- 2. Public notice of the intention to remove shall be made. This can consist of news releases, public hearings and presentations at city council meetings or canvassing parties affected by the removal. This is a very important step and the district must be prepared to answer any questions that might arise.
- 3. Establish a date for the signal to be turned off and notify Central Office Traffic.
- 4. Flash the signal heads for a minimum of 30 days. After the flash period, cover the signal heads for no less than 60 days. The type of flash used shall compliment the type of traffic control selected for the intersection, yellow/red for two-way stops and red/red for four-way stops.
- 5. After the 90 day transition period has been successfully completed, the physical removal of the signals can be initiated. A comprehensive removal shall be completed with all concrete foundations and bases removed to at least flush with the ground. Consideration shall be given to filling or securing any pull boxes.
Guidance. When a temporary traffic control signal is removed the appropriate traffic control to be used after removal of the signal is to be determined and any sight distance restrictions removed.
902.2.3 Advantages and Disadvantages of Traffic Control Signals (MUTCD Section 4B.03)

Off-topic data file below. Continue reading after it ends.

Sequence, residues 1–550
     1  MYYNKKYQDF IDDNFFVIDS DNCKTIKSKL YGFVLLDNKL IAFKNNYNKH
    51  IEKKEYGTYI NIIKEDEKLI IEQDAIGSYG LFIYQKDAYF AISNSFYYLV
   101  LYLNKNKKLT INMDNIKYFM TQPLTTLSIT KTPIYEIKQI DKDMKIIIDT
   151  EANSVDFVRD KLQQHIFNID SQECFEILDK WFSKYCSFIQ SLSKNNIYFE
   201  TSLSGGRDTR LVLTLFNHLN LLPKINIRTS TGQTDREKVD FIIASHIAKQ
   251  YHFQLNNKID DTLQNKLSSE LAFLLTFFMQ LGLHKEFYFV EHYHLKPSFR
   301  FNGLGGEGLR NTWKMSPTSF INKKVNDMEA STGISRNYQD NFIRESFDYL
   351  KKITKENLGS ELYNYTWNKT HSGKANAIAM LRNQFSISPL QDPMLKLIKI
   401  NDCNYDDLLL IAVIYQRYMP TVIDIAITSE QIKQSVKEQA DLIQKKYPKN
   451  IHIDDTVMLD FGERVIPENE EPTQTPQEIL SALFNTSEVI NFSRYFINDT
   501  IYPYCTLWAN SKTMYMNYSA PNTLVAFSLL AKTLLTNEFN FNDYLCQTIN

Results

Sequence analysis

Support. When properly used, traffic control signals are valuable devices for the control of vehicular and pedestrian traffic. They assign the right-of-way to the various traffic movements and thereby profoundly influence traffic flow.
Traffic control signals that are properly designed, located, operated, and maintained will have one or more of the following advantages:
A. They provide for the orderly movement of traffic.
B. They increase the traffic-handling capacity of the intersection if:
- 1. Proper physical layouts and control measures are used, and
- 2. The signal operational parameters are reviewed and updated (if needed) on a regular basis (as engineering judgment determines that significant traffic flow and/or land use changes have occurred) to maximize the ability of the traffic control signal to satisfy current traffic demands.
C. They reduce the frequency and severity of certain types of crashes, especially right-angle collisions.